Module 3 – Goals

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Introduction

Goal-based planning is essential to the UDL approach.  Open-ended goals work better in a diverse classroom because they provide more entry points to students working at different levels.  Goals framed as essential understandings or big ideas open the door for the personalization of learning, choice and inclusion.  Understanding by Design (UbD) is one approach to goal-based planning that is compatible with UDL.

Goals form the basis for instruction and assessments.  Adopting a UDL mindset may require you to reconsider your overall assessment philosophy.  Does everything a student completes need to be assessed?  Do you allow students to retest?  Do your methods of assessment encourage risk-taking?  If students are demonstrating their learning in a variety of ways, how is it possible to evaluate fairly?  Goal-based planning in combination with rubrics, especially rubrics created with the help of students, is one strategy used in UDL classrooms.

When you complete this module, you will:

  • understand how the UDL approach is compatible with the “big ideas” of the BC Curriculum.
  • understand why it’s important to separate learning goals from particular methods, materials, or activities.
  • know which types of assessments are compatible with a UDL approach.

Essential Questions

  • How does goal-based planning increase opportunities for choice and inclusion?
  • What are some of the reasons for assessing students?
  • What kinds of assessment tools would be effective in a UDL classroom?

Learn

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Goal-Based Design and the BC Curriculum

Goal-based planning is essential to the UDL approach.  Learn how to separate goals from methods in order to provide more entry points for diverse learners.

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Backward Design

Backward Design identifies big ideas and assessments before designing lessons.  Put simply, it is curriculum design that starts with the end in mind.

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Assessment in the UDL Classroom

Assessment in the UDL classroom is flexible and responsive to student choice with the focus placed on the attainment of learning outcomes.

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Rubrics

Rubrics communicate learning task expectations clearly and succinctly. Well designed rubrics will extend and challenge students to achieve beyond what is just expected.

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Learning from Mistakes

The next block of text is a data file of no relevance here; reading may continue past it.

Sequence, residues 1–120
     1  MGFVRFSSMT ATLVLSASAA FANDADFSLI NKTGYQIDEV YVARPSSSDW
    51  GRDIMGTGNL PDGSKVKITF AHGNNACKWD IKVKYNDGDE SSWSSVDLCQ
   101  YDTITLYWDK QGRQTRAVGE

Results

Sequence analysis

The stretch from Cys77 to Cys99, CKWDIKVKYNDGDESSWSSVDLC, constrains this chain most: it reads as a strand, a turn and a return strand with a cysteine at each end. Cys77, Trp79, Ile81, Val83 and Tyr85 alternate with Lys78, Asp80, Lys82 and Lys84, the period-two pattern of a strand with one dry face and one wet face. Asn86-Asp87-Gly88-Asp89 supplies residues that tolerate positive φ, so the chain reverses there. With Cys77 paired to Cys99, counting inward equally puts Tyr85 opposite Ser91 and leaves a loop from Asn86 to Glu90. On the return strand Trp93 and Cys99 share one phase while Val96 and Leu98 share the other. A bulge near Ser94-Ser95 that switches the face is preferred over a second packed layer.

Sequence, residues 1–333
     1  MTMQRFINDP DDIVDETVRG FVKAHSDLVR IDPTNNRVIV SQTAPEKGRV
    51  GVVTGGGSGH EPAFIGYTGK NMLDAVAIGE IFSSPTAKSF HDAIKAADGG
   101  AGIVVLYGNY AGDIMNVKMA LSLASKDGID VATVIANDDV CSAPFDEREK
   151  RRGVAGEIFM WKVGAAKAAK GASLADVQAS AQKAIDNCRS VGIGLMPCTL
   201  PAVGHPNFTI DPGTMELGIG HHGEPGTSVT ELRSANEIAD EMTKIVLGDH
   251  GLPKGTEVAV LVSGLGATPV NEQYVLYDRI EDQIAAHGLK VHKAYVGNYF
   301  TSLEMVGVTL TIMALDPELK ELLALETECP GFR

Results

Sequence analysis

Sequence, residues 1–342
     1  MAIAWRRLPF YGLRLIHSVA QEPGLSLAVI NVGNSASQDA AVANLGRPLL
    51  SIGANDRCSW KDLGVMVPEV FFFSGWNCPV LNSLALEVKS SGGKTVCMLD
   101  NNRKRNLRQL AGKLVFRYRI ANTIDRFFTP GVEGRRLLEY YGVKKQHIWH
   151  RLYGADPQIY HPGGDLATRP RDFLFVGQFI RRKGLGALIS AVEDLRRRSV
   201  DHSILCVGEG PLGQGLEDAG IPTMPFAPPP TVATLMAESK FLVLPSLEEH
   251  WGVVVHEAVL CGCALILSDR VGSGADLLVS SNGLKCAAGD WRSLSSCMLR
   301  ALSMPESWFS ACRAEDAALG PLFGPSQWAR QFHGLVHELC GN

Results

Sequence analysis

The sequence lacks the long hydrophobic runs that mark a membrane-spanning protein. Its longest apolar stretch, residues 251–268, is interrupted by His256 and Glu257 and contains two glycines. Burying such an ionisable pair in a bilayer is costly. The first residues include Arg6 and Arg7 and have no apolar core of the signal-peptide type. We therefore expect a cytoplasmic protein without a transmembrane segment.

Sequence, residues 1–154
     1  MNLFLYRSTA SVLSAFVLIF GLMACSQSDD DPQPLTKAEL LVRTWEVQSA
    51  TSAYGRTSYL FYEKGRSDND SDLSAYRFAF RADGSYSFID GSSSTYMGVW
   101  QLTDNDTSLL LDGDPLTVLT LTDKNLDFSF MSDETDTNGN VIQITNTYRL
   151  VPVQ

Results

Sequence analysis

Providing a safe learning environment where students are comfortable risking mistakes will enrich their learning experiences. In this video, teachers share their perspectives on encouraging students to make mistakes and learn from them.

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Jeopardy

A summative assessment doesn’t always have to be individual pen and paper tests. You can challenge the whole class to a game of Jeopardy! Watch a quick example of how a teacher uses the popular game show to review a unit on Famous Canadians.

Reflection

  • Is your current planning method based on goals or on activities and materials?
  • What would be the advantages of communicating your learning intentions for each lesson in writing on the board?
  • How might you use assessment to promote learning?
  • How could you involve your students in determining how they will be assessed?

Dig Deeper

Resources

The One:

CAST’s top 10 UDL Tips for Assessment.

The Rest:

BC Inclusion educator Shelley Moore uses a 3-pyramid approach to curriculum design that starts with getting to know students, developing goals and then planning activities.  Shelley’s course, Curriculum for All, is available on the SET-BC website.

Read about assessment changes in the revised BC curriculum on the government website.

Rethinking Classroom Assessment with Purpose in Mind is a document created by the Western and Northern Canadian Protocol for Collaboration in Education that comprehensively explains the purpose of each of the following types of assessment:

  • Assessment for Learning
  • Assessment as Learning
  • Assessment of Learning

EdTechTeacher provides Rubrics for Assessment . This page contains links to measure student learning by utilizing rubrics for various classroom activities

A new kind of rubric, the single-point rubric, contains only one column of criteria with columns on either side for noting what needs improvement and how the work exceeds expectations.  This rubric allows maximum flexibility and may be simpler for students to understand.

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